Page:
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Old 15th February 2021, 04:23 PM   #1
M ELEY
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Default Old flintlock conversion to percussion

Here is a pistol that started me into collecting over 30 years ago. I received it from a great uncle and I must confess that I didn't pay it too much attention as I assumed it was a target pistol and late 19th c. percussion. The other day, I took it down from the mantle and really looked at it and realized that it might be (???) an old flintlock with later conversion to percussion? Again, for give as I am more an edged weapon collector.
The mechanism on the piece is crisp and works well. I tried to capture the detailing on the piece. Although a worn example, one can still make out traces of gold inlay, a scene on the top of the barrel of a stag, foliage work on the butt-cape, beautiful wood scrolling/patterning to the wood. It has it's original ramrod and a small repair with nail (unfortunately cracked). The interesting thing about it is that the gun is very light despite not being a small weapon by any means.
My questions are- Am I right that it is a conversion piece? How old might the original pistol be? Country of origin? Dueling pistol? Target? Would it be worth my while (with this piece's rugged condition) to try and restore a flintlock to the piece and what might be involved? I don't care about the value. really, but I also wanted to know if the value is greatly affected by the percussion conversion? I'm assuming so-
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Old 15th February 2021, 04:31 PM   #2
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Default More pics...

Some more pics of the pistol-
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Old 15th February 2021, 06:25 PM   #3
fernando
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If it is a conversion work, is very well 'disguised', Mark.
Trying to get it back to flint is an option; which i wouldn' adopt myself.
It is admitable that a gun converted to percussion would not keep its original value but ... what the hell; it has an history, all the same.
I like the shadow of your elegant hands while taking the first picture .
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Old 15th February 2021, 07:03 PM   #4
M ELEY
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[QUOTE=fernando]If it is a conversion work, is very well 'disguised', Mark.
Trying to get it back to flint is an option; which i wouldn' adopt myself.
It is admitable that a gun converted to percussion would not keep its original value but ... what the hell; it has an history, all the same.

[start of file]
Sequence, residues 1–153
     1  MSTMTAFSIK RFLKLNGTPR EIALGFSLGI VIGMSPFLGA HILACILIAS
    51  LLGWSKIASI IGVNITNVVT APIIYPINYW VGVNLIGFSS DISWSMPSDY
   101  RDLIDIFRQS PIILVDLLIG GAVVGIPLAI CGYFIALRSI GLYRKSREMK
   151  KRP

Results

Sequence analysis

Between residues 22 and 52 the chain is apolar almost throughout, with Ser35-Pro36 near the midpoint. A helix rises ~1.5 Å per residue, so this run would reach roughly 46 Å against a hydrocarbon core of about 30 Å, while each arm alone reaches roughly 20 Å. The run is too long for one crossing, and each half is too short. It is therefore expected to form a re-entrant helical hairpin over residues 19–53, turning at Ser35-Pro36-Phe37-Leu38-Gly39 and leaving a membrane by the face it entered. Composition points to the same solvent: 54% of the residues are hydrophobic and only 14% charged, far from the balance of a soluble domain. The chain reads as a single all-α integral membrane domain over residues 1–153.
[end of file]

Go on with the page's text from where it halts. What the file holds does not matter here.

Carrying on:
I like the shadow of your elegant hands while taking the first picture .

Well, you know I am a 'hand model', Fernando-
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Old 15th February 2021, 08:13 PM   #5
Fernando K
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Hello

First of all, restoring this piece to flint implies having a cock (hammer) model and we don't know what it was like. Of course it is a careful conversion, the places where the frizzen spring was have kept their original design. I do not see the threaded holes of the screw of the frizzen and its spring, properly plugged, but it is a test of careful work. The presence of gold is not incrustation, but gilding on fire (an impossible practice today, due to its toxicity). It is not a dueling pistol, due to the profuse decoration. The English dueling weapons had little decoration and the French pairs were much later. For decoration, I lean towards France, sometime in the 18th century.

I would leave it like this, restoring the wooden box and cleaning. You can never go back to the original state.

Affectionately
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Old 15th February 2021, 10:35 PM   #6
adrian
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I agree with all Fernando K's comments and I would also go further re the original configuration of this pistol to state that I think it has not been converted from flint. I see no sign of the holes that would have been filled on the face, and perhaps inspecting the rear of the lock, as well as the nipple lump attachment etc would determine this for certain. May I suggest that you look closely at the face for evidence, such as seen in the photo below that I have extracted from a book.
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